Tuesday, June 25, 2019

BofE: "All bark but no bite? What does the yield curve tell us about growth?"

From the Bank of England's Bank Underground:
The slope of the yield curve has decreased in the US and the UK over the last few years (Chart 1).

This development is attracting significant attention, because the yield curve slope (i.e. the difference between longer term government bond yields and shorter term government bond yields) is a popular business cycle indicator, and a fall of longer term yields below shorter term yields (i.e. an ‘inversion’ of the yield curve) has historically been considered as a powerful signal of recessions, particularly in the US. 

Chart 1: Slopes of the US and UK government bond yield curves (10-year yields minus policy rates)
Since Estrella and Mishkin (1998), a number of studies have documented that the slope of the yield curve has significant power in predicting economic slowdowns (see e.g. the recent survey by Claessens and Kose, 2017).  However, some – including FOMC members (e.g. Chair Powell) – have suggested that the slope of the yield curve is likely to contain less signals on the growth outlook than it has done in the past due to a number of changes that have taken place in interest rates markets.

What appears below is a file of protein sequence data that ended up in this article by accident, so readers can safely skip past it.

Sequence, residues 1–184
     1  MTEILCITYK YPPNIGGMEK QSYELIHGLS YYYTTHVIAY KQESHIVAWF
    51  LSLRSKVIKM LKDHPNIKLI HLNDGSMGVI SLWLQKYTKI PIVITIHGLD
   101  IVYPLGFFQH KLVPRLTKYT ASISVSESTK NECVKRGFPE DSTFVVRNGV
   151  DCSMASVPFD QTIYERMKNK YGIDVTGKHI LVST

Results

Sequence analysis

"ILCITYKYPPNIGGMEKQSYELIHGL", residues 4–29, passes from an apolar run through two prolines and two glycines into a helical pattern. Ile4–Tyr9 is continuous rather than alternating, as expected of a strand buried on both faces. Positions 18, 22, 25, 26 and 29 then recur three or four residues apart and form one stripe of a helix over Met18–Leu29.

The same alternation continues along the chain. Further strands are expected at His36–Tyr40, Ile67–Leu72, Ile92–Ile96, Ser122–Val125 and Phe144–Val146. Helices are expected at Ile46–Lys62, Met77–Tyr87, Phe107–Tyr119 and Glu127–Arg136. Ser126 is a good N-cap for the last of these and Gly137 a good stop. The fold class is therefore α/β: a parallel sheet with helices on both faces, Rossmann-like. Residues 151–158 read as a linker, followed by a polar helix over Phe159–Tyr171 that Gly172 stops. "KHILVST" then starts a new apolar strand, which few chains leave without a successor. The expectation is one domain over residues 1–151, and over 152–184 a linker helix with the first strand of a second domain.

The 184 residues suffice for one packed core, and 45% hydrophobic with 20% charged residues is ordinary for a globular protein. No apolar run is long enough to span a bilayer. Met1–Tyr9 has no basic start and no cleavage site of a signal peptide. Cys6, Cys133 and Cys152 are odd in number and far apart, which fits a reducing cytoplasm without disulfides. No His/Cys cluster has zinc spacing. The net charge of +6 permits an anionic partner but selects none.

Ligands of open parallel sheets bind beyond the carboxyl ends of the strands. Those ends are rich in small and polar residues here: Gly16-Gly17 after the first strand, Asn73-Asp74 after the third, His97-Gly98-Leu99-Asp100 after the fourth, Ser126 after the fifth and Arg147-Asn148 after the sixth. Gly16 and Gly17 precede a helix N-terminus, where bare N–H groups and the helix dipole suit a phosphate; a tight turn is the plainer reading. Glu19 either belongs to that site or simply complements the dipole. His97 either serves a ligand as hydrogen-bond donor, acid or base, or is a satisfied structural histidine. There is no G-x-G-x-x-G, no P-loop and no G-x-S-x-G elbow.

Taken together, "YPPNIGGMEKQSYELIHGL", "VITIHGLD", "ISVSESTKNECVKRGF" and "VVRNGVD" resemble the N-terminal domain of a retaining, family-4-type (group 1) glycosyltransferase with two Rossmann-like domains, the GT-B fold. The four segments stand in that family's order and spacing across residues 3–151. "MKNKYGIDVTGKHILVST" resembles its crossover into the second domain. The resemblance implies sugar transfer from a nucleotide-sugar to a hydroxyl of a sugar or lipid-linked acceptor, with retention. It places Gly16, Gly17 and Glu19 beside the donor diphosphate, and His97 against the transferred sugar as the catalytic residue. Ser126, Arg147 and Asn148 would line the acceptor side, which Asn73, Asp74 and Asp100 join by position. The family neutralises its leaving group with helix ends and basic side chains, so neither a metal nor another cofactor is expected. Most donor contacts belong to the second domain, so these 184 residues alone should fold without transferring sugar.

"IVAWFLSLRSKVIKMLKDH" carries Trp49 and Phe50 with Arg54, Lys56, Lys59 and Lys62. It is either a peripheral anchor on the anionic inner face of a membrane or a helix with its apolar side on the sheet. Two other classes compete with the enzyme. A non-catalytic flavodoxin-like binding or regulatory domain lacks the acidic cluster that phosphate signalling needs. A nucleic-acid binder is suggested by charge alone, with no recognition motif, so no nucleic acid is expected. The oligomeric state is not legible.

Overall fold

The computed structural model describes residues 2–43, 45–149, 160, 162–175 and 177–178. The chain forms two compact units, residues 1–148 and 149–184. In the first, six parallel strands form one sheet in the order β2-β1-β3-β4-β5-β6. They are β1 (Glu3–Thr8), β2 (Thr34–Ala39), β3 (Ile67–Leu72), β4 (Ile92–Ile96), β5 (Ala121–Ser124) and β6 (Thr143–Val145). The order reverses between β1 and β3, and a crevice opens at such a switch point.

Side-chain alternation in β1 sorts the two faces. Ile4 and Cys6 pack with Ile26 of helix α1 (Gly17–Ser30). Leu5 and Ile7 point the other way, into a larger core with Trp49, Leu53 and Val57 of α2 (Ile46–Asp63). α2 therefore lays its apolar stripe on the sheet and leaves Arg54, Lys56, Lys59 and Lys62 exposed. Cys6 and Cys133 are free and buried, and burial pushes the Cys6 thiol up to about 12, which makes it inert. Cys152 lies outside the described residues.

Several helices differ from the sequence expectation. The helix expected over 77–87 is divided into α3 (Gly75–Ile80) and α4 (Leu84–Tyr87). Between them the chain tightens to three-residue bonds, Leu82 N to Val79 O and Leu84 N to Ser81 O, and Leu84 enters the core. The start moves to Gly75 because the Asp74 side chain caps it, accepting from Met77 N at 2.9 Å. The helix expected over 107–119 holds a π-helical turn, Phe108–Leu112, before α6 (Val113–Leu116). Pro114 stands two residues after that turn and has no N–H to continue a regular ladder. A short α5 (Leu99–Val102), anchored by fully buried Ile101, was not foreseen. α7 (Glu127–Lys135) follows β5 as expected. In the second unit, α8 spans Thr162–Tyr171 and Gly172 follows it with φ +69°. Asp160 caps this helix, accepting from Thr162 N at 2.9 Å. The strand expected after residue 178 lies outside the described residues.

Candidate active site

To answer the question, in this post we analyse how the yield curve has performed as a predictor of GDP growth over time in the US and the UK, focussing on the performance of the different components of the yield curve: expected short interest rates and term premia.

How has the yield curve slope performed as a predictor of GDP growth over time?
We start by comparing the predictive power of different measures of the US and UK yield slope for GDP growth one year ahead. Specifically, in a similar spirit to Stock and Watson (2003), we predict the annual growth in real GDP one year ahead with the relevant yield curve slope, controlling for the latest available outturns of annual growth rate in GDP in real time and two additional lags. In other words, we condition the GDP forecast 1-year ahead only on the information available at each point in time. We use quarterly data since 1966 for the US, and a shorter series for the UK – since 1982, because of data availability. Within this framework, we analyse forecasts produced using a rolling estimation scheme (with a starting window of 15 years), and compare them with the forecasts obtained from autoregressive models that are based only on lagged GDP growth variables.....